Step by Step Instructions After Your Identity is Stolen

The Identity Theft Report

An identity theft report may have two parts:

Part One is a copy of a report filed with a local, state, or federal law enforcement agency, like your local police department, your State Attorney General, the FBI, the U.S. Secret Service, the FTC, and the U.S. Postal Inspection Service. There is no federal law requiring a federal agency to take a report about identity theft; however, some state laws require local police departments to take reports. When you file a report, provide as much information as you can about the crime, including anything you know about the dates of the identity theft, the fraudulent accounts opened and the alleged identity thief.

Note: Knowingly submitting false information could subject you to criminal prosecution for perjury.

Part Two of an identity theft report depends on the policies of the consumer reporting company and the information provider (the business that sent the information to the consumer reporting company). That is, they may ask you to provide information or documentation in addition to that included in the law enforcement report which is reasonably intended to verify your identity theft. They must make their request within 15 days of receiving your law enforcement report, or, if you already obtained an extended fraud alert on your credit report, the date you submit your request to the credit reporting company for information blocking. The consumer reporting company and information provider then have 15 more days to work with you to make sure your identity theft report contains everything they need. They are entitled to take five days to review any information you give them. For example, if you give them information 11 days after they request it, they do not have to make a final decision until 16 days after they asked you for that information. If you give them any information after the 15-day deadline, they can reject your identity theft report as incomplete; you will have to resubmit your identity theft report with the correct information.

You may find that most federal and state agencies, and some local police departments, offer only “automated” reports a report that does not require a face-to-face meeting with a law enforcement officer. Automated reports may be submitted online, or by telephone or mail. If you have a choice, do not use an automated report. The reason? It’s more difficult for the consumer reporting company or information provider to verify the information. Unless you are asking a consumer reporting company to place an extended fraud alert on your credit report, you probably will have to provide additional information or documentation when you use an automated report.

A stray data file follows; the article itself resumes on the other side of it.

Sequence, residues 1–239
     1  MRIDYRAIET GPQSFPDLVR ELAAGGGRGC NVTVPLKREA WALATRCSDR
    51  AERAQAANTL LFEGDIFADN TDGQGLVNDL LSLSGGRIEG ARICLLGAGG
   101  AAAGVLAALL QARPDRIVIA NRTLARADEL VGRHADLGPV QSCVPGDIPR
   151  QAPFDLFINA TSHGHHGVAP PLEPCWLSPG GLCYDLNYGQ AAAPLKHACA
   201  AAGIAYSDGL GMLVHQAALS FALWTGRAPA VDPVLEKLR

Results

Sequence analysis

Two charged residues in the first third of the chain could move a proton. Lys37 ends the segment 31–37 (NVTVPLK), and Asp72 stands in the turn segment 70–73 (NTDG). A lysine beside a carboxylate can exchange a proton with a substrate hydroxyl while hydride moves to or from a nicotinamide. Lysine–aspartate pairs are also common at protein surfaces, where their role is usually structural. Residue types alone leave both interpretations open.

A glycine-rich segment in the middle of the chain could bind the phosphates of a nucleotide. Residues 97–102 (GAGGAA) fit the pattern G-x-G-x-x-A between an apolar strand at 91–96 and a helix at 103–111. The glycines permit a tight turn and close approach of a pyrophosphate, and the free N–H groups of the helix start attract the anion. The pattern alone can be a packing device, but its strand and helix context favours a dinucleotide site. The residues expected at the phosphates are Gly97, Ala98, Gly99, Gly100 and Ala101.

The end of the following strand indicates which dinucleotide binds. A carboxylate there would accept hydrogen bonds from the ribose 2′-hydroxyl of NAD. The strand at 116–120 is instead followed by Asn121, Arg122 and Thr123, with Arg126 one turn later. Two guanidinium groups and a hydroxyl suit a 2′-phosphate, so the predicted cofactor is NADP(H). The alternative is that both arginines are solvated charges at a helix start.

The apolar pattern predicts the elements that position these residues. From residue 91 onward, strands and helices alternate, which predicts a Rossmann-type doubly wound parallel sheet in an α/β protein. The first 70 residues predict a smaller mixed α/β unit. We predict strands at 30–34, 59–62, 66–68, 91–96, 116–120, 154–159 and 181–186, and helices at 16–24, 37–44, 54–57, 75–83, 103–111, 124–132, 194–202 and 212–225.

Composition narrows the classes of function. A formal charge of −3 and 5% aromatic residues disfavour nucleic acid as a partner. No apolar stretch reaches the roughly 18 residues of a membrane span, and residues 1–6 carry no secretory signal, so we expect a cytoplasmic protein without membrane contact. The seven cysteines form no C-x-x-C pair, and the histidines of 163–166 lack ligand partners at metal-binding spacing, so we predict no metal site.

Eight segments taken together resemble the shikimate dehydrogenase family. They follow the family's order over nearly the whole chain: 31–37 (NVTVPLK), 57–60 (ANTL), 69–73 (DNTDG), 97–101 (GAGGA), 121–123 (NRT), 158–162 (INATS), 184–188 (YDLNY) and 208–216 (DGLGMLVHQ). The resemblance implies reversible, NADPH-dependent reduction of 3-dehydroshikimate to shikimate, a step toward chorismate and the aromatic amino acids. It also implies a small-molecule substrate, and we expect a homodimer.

Tips For Organizing Your Case

Accurate and complete records will help you to resolve your identity theft case more quickly.

  • Have a plan when you contact a company. Don’t assume that the person you talk to will give you all the information or help you need. Prepare a list of questions to ask the representative, as well as information about your identity theft. Don’t end the call until you’re sure you understand everything you’ve been told. If you need more help, ask to speak to a supervisor.
  • Write down the name of everyone you talk to, what he or she tells you, and the date the conversation occurred. Use Chart Your Course of Action to help you.
  • Follow up in writing with all contacts you’ve made on the phone or in person. Use certified mail, return receipt requested, so you can document what the company or organization received and when.
  • Keep copies of all correspondence or forms you send.
  • Keep the originals of supporting documents, like police reports and letters to and from creditors; send copies only.
  • Set up a filing system for easy access to your paperwork.
  • Keep old files even if you believe your case is closed. Once resolved, most cases stay resolved, but problems can crop up.

Chart Your Course of Action

Use this form to record the steps you’ve taken to report the fraudulent use of your identity. Keep this list in a safe place for reference.

Nationwide Consumer Reporting Companies – Report Fraud

Consumer Reporting Company Phone Number Date Contacted Contact Person Comments
Equifax
1-800-525-6285
Experian
1-888-EXPERIAN (397-3742)
TransUnion
1-800-680-7289

Banks, Credit Card Issuers and Other Creditors
(Contact each creditor promptly to protect your legal rights.)

Creditor Address and Phone Number Date Contacted Contact Person Comments

Law Enforcement Authorities – Report Identity Theft

Agency/Department Phone Number Date Contacted Contact Person Report Number Comments

RESOLVING SPECIFIC PROBLEMS

I received a copy of my credit report and saw about a half a dozen items that I didn’t know anything about. It’s affected my credit rating so badly that I couldn’t get a student loan. I didn’t realize there was a problem until my student loan application was denied.

From a consumer’s complaint to the FTC, May 25, 2004